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Boys accused in shootings rearrested
By Times staff writers
© St. Petersburg Times, published April 28, 2000
TAMPA -- Two Tampa teenagers charged in February with randomly shooting a .22-caliber rifle at passing motorists on U.S. 41 in Ruskin have been arrested again.
Ryan Applegate, 16, of Ola Street, and Jeremiah Williams, 16, of Otis Avenue, face grand theft, burglary and carrying concealed weapons charges on top of the attempted murder charges in the shooting incidents.
The boys, out of jail pending resolution of the attempted murder charges, were seen April 5 by a witness who saw them breaking into a car, the Hillsborough Sheriff's Office said.
Deputies said they stole a car from an apartment complex and drove to a subdivision, where they broke into several cars. They were held Thursday in the Juvenile Assessment Center.
Killer to be tried in rape
TAMPA -- Willie Crain, the crab fisherman sentenced to death last year for the 1998 kidnapping and killing a 12-year-old girl, has a trial scheduled for July 24 to resolve outstanding rape charges. Crain, 54, was convicted in September of first-degree murder for killing Amanda Brown. The rape victims came forward after seeing Crain in the news after Amanda disappeared. The rapes took place more than a two decades ago.
Woman shot by trooper improves
ST. PETERSBURG -- Heather Ann Boyd, a Tampa woman shot in the face by a Florida Highway Patrol trooper last week, has been upgraded to fair condition at Bayfront Medical Center.
Boyd remained in the intensive care unit Thursday, said hospital spokeswoman Cassandra Morrell.
Authorities say Boyd, 30, might have been driving under the influence when she led the trooper on a 100 mph car chase through St. Petersburg's waterfront neighborhoods, became trapped in a cul-de-sac and was shot in the face and arm when, authorities said, she drove her car toward the trooper.
The incident is under investigation by the Florida Department of Law Enforcement.
TV anchor sues over portrayal in book
ST. PETERSBURG -- A Dallas television anchor is suing three media ethics experts and two journalism organizations, including the Poynter Institute for Media Studies, over the way he is portrayed in an ethics textbook.
Mike Snyder, 47, who has worked for KXAS-TV for nearly two decades, filed the defamation and libel suit last month in Tarrant County, Texas, accusing the authors and the distributors of Doing Ethics in Journalism of damaging his reputation.
The book describes a 1994 incident in which Snyder acted as a "master of ceremonies" in political rallies for George W. Bush, then a Texas gubernatorial candidate, and introduced him as "the next governor of Texas" according to the suit.
Snyder, who covers politics, adamantly denies those incidents ever took place.
He did say he attended a Republican's women's picnic as a favor to a friend in 1994 in which he introduced U.S. Rep. Richard Armey of Texas, and thanked people for attending. He said he was asked, but declined, to introduce Bush and New Jersey Gov. Christine Todd Whitman.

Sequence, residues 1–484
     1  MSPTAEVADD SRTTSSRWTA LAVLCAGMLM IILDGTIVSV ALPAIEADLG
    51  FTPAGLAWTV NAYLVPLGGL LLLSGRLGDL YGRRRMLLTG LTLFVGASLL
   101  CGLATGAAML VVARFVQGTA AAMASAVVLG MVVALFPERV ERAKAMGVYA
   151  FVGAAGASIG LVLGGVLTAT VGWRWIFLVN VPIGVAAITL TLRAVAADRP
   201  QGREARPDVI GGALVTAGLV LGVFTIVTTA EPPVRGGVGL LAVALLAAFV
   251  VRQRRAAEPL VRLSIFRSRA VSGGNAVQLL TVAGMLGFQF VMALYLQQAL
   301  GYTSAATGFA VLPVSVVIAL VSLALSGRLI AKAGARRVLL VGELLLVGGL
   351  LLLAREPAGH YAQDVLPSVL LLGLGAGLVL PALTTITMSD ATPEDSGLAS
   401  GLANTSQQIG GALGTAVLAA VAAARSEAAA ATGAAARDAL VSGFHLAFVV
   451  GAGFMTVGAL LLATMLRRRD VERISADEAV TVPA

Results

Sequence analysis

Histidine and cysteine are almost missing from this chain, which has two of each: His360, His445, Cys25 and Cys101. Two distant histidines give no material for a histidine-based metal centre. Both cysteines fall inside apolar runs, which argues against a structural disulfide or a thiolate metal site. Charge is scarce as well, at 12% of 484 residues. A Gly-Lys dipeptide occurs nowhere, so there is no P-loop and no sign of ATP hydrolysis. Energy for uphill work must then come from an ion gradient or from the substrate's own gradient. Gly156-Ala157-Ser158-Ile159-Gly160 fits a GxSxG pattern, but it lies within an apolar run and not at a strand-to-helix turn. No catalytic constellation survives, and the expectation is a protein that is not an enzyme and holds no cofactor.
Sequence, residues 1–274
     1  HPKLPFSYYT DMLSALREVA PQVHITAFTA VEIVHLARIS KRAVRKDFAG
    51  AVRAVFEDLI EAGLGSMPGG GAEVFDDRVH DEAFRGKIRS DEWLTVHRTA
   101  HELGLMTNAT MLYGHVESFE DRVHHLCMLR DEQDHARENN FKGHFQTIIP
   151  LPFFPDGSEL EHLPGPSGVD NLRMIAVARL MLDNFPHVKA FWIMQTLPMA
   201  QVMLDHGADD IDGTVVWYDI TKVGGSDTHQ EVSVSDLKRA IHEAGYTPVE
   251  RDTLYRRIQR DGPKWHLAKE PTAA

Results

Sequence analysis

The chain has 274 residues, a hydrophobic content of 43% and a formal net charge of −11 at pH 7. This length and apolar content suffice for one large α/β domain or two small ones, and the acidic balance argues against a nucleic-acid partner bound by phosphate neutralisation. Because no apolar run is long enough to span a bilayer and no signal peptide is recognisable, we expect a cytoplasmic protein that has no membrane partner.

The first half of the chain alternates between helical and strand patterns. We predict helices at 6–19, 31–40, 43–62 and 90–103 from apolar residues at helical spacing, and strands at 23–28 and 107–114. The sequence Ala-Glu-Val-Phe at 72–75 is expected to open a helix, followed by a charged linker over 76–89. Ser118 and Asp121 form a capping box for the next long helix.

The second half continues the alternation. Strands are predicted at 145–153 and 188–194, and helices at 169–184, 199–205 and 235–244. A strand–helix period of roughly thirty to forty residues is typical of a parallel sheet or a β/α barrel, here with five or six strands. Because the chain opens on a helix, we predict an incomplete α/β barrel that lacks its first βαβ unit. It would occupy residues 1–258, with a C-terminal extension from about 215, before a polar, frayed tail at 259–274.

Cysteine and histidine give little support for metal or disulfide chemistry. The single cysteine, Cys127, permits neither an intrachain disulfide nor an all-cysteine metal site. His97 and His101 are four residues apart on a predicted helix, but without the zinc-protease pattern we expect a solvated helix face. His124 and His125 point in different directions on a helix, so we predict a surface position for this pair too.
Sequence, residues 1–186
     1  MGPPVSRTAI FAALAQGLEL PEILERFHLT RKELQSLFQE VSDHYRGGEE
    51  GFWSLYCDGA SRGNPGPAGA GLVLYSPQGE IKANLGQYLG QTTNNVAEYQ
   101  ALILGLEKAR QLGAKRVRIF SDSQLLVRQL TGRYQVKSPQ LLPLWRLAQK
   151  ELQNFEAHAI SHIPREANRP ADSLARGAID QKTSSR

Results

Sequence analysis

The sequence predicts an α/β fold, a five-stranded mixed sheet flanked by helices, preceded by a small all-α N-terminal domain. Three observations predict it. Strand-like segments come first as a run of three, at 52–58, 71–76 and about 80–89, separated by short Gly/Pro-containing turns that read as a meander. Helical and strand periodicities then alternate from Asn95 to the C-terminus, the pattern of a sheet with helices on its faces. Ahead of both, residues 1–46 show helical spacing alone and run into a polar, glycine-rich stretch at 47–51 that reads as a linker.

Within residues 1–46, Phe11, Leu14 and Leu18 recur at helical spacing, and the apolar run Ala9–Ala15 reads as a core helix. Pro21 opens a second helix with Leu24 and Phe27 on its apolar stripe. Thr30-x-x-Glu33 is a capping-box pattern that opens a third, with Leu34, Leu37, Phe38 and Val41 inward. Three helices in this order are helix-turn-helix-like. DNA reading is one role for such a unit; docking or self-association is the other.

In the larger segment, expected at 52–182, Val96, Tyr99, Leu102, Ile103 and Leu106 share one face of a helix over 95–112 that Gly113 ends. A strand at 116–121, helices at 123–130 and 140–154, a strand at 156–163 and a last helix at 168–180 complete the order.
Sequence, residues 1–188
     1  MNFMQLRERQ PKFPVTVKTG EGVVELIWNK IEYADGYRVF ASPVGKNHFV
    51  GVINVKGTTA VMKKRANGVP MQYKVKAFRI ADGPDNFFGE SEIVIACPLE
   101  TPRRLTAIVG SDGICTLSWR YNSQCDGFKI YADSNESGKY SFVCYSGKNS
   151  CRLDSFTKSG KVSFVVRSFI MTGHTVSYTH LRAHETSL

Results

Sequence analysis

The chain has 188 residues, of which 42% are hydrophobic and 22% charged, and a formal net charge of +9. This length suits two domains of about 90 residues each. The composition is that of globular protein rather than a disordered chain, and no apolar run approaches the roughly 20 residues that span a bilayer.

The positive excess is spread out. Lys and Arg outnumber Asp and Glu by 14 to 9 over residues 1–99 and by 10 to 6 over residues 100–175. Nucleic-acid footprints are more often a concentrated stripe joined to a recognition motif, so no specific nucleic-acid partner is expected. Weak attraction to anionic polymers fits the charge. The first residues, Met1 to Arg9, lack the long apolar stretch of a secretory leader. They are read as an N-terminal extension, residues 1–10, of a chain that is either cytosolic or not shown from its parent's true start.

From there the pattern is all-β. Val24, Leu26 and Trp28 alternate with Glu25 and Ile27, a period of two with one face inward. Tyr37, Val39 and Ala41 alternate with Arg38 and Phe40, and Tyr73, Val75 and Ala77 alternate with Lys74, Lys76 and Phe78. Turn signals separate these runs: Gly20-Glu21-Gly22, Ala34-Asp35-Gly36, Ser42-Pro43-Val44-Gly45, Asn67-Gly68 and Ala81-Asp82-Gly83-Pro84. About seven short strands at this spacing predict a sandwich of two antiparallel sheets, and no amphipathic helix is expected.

He said his only comment about Bush being the next governor was to an upset child and his mother in the parking lot. The comment was overheard by a print journalist and published, he said. Snyder also said he never acted as a master of ceremonies or served as a volunteer for Bush.
Snyder said he received a two-week unpaid suspension, about $15,000 in pay and benefits, for participating in the picnic -- what he calls a slip in judgment.
But he said the picnic and suspension has nothing to do with his suit. That, he says, is about the authors of the book not telling the truth and not allowing him to respond to the allegations.
The suit names the Poynter Institute and James Naughton, president of the school for journalists, which promoted and used the book, the Society of Professional Journalists that sponsored the book and authors Jay Black, Bob Steele and Ralph Barney. The Poynter Institute holds controlling stock in the Times Publishing Co., which publishes the St. Petersburg Times.
Alison Steele, a First Amendment attorney who is representing the institute and Naughton, said the institute "didn't publish or commission the book and is not responsible for the book."
Snyder said the authors have given him a private written apology, which he will not release. But he said he wants a public admission of wrongdoing and for the men to be prohibited from continuing to work in their field.
Hernando drops watering waiver effort
BROOKSVILLE -- Hernando County has wavered on its sprinkling waiver request.
"We will follow the restrictions the best we can," Utilities Director Kay Adams said Thursday about new state rules limiting lawn watering to once a week.
One day earlier, County Administrator Paul McIntosh said he planned to ask the Southwest Florida Water Management District for permission for Hernando to opt out of the stricter regulations. Enforcement posed a problem, McIntosh said, and the county should be able to manage with twice-a-week watering.
After consideration, the county changed its position even though Adams said she still worried about water pressure problems. The quick turnabout did not result from pressure by Swiftmud or county commissioners.
"It's an administrative thing," Commissioner Bobbi Mills said.
Thonotosassa woman dies in crash
A Thonotosassa woman died early Thursday morning after she lost control of her car along Knights-Griffin Road.
Martha Lee Hays, 32, of 13811 McIntosh Road, was driving her 1997 Ford Mustang westbound about 2:15 a.m. when her car went into the ditch on the south side of the road, according to a news release from the Hillsborough County Sheriff's Office. The car became airborne, flipped several times and ejected Hays.
Investigators don't know why the car left the road but said alcohol was a factor in the crash.
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